Aging & Mental Health. Volume 27 (7). pp 1335-1343.


We explored (1) social, cultural, and economic capital in spousal carers of people with dementia; (2) profiles of carers with different levels of capital; (3) whether the identified profiles differ in levels of stress and positive experiences of caring, and likelihood of depression over time.


Baseline (2014–2016), 12-month, and 24-month follow-up data were analyzed for 984 coresident spousal carers of people with dementia. We assessed social, cultural, and economic capital, stress, positive experiences of caring, depression.


On average, carers reported infrequent social and cultural participation. Most carers were not socially isolated, trusted their neighbours, had education at least to age 16, and had an income aligned with the 2014 UK average. We identified four groups of carers with different levels of capital. Although on average stress was low, depression was infrequent, and positive experiences of caring were moderately frequent, the group of carers with lowest capital was the least stressed and reported the most positive experiences of caring over time. Compared to the two groups with better capital, those with poorer capital were more likely to be depressed over time.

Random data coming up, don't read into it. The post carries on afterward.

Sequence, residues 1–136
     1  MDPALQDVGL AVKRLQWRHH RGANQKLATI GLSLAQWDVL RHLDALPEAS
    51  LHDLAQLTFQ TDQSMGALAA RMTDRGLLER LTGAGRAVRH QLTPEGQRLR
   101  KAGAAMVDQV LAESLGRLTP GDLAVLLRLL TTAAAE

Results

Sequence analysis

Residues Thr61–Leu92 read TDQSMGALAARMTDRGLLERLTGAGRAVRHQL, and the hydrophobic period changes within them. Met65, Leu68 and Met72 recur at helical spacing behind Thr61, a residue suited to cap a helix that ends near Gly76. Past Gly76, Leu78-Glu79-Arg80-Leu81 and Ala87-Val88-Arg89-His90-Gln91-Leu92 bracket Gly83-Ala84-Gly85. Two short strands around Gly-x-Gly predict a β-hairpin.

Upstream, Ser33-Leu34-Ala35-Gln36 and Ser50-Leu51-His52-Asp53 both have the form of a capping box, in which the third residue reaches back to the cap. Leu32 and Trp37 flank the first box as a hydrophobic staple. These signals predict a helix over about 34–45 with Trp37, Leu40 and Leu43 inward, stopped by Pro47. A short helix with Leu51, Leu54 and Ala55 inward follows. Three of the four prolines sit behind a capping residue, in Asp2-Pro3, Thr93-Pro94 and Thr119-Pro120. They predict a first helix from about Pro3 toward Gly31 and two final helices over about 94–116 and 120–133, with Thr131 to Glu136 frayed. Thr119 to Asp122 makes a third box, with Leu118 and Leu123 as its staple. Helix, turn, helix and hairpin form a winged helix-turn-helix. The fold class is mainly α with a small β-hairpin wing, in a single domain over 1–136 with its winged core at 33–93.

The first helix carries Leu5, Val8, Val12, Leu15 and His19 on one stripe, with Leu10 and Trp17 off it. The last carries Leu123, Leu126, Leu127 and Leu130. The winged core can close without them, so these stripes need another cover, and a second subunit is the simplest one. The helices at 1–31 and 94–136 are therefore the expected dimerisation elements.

Social, cultural, and economic resources may decrease likelihood of depression, but not stress, in carers of people with dementia.